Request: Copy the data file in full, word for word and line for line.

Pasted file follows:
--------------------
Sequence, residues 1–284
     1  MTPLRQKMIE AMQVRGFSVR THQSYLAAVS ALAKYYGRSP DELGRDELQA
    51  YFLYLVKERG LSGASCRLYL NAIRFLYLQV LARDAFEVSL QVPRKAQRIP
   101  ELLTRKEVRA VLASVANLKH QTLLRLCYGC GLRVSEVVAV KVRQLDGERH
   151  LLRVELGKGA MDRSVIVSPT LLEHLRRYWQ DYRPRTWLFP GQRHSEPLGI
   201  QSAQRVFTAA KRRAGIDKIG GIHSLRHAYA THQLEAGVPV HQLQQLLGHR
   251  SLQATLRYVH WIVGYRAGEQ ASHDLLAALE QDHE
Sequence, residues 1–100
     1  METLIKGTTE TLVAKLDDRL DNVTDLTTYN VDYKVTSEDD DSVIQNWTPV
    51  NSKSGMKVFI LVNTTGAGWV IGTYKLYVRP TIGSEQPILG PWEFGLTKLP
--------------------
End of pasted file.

Sequence, residues 1–284
     1  MTPLRQKMIE AMQVRGFSVR THQSYLAAVS ALAKYYGRSP DELGRDELQA
    51  YFLYLVKERG LSGASCRLYL NAIRFLYLQV LARDAFEVSL QVPRKAQRIP
   101  ELLTRKEVRA VLASVANLKH QTLLRLCYGC GLRVSEVVAV KVRQLDGERH
   151  LLRVELGKGA MDRSVIVSPT LLEHLRRYWQ DYRPRTWLFP GQRHSEPLGI
   201  QSAQRVFTAA KRRAGIDKIG GIHSLRHAYA THQLEAGVPV HQLQQLLGHR
   251  SLQATLRYVH WIVGYRAGEQ ASHDLLAALE QDHE
Sequence, residues 1–100
     1  METLIKGTTE TLVAKLDDRL DNVTDLTTYN VDYKVTSEDD DSVIQNWTPV
    51  NSKSGMKVFI LVNTTGAGWV IGTYKLYVRP TIGSEQPILG PWEFGLTKLP